Single Mothers Amongst Most Vulnerable Refugees

In Jordan, one in every four residents is a refugee, most of them Syrian. The vast majority do not live in camps, but in cities and villages, often surviving in deplorable conditions.

Among the most vulnerable are single women, many of whom have exhausted their savings as the Syrian War is set to enter its sixth year – and they are growing increasingly desperate.

Living In just two rooms, Jamila, 19, lives with her baby girl, her four-year-old son, her mother, and her younger sister and brother. The living room is furnished with a couple of worn sofas and an old television. In the bedroom, there is one bed and a shard of mirror on the wall.

Jamila speaks openly about the difficulties of being a Syrian refugee in Jordan. “I feel very lonely as a single mother,” she says. “The future frightens me. I don’t know how to read or write; how can I provide for my children?”

Jamila once lived in the Syrian city of Idlib. At the age of 14, she married her husband, who worked as a baker. But then the war started.

“Our house burned down. My husband couldn’t work any more; we couldn’t do anything apart from waiting to get killed,” she says. “Many nights, we went to sleep without any food or water, fearing for our lives.’’

After leaving Syria, Jamila and her children went to stay with her mother in Jordan, while her husband left for Turkey, hoping to eventually reach Germany.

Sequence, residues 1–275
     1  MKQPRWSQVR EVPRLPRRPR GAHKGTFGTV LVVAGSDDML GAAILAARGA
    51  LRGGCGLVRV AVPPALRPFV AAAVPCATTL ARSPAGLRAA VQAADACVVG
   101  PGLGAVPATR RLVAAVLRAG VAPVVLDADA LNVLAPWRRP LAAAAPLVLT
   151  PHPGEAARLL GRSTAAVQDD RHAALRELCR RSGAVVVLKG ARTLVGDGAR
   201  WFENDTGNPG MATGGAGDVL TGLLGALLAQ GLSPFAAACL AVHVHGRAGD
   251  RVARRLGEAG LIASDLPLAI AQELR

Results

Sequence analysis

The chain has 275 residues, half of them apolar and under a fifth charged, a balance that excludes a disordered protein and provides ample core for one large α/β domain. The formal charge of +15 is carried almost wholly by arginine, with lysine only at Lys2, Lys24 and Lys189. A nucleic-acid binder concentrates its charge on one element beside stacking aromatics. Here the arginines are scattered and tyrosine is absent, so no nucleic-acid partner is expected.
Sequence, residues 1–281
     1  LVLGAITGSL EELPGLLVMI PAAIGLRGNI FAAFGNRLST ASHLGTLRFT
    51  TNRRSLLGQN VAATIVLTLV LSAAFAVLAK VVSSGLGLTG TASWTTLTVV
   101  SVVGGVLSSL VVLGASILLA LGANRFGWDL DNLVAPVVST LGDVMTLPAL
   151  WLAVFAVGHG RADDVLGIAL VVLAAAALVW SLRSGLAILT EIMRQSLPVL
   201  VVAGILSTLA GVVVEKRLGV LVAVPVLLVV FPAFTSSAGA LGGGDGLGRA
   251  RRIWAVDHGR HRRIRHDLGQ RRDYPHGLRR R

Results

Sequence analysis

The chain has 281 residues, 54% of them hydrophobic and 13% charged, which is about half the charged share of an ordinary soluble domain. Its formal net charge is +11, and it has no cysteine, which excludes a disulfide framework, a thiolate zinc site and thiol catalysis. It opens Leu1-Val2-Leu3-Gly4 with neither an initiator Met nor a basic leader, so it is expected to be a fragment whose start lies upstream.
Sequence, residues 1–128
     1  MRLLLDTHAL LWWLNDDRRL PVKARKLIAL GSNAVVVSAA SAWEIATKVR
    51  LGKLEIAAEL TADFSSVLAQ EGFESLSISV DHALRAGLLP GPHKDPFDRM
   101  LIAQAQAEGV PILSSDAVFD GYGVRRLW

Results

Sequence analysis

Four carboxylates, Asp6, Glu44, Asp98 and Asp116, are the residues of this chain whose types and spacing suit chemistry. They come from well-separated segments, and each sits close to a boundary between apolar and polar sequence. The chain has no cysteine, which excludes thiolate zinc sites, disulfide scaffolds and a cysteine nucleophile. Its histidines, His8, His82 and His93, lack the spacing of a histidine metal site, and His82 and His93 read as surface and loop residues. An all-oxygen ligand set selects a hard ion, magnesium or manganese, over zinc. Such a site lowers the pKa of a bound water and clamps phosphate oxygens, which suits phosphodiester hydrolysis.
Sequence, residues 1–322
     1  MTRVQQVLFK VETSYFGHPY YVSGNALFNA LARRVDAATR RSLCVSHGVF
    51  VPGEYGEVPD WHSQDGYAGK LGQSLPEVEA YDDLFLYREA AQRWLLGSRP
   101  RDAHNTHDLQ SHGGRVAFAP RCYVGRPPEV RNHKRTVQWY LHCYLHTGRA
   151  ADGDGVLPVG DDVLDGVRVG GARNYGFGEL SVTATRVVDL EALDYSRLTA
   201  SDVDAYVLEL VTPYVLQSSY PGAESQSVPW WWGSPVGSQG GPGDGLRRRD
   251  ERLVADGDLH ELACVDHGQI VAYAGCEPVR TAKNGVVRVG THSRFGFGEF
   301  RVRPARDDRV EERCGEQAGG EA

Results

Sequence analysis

“He planned to pay a smuggler to take him to Greece in a rubber boat, but I haven’t heard from him ever since. It’s been seven months now, and he never called,” Jamila says. “On the news, I heard about boats sinking. Deep in my heart, I know that he will never come back, that he’s drowned.”

She stares out the window at Amman’s endless hills, dotted with myriad white houses. She is not crying as she contemplates her husband’s fate. He was not a good man, she says. “He beat me and treated me like his servant. I am not sad for him not coming back.”

At that moment, Jamila’s baby begins to cry, and she gently starts nursing her. The little girl was born in Amman. “I want my girl to go to school. I don’t want her to be like me. I want her to be a strong and educated woman.” Jamila says,

“I used to be strong too,” she adds with a sigh. “I was a girl who liked to laugh and make fun. But not after what I have been through. It’s been a tragedy for five years; but whatever happens, I will still smile for my children. They are the only reason for me to go on.”

  • Pray for women refugees, who, like Jamilla, are struggling to provide for their families and often living in desperate conditions, with little hope for change.
  • Pray for Christians living and working amongst the refugees in Jordan and Lebanon, that they will be a channel for the Holy Spirit to renew hope and life within these desperate people.
  • Pray for good literacy programmes amongst the refugee women that will allow them to get work as they learn to read and write. Pray that they will also learn of Jesus as they become able to read His word.
  • Pray for lasting peace in Syria.

Deuteronomy 10 vs 17 – 18: “For the Lord your God is God of gods and Lord of lords, the great God, mighty and awesome, …  who executes justice for the orphan and the widow, and who loves the strangers, providing them with food and clothing.


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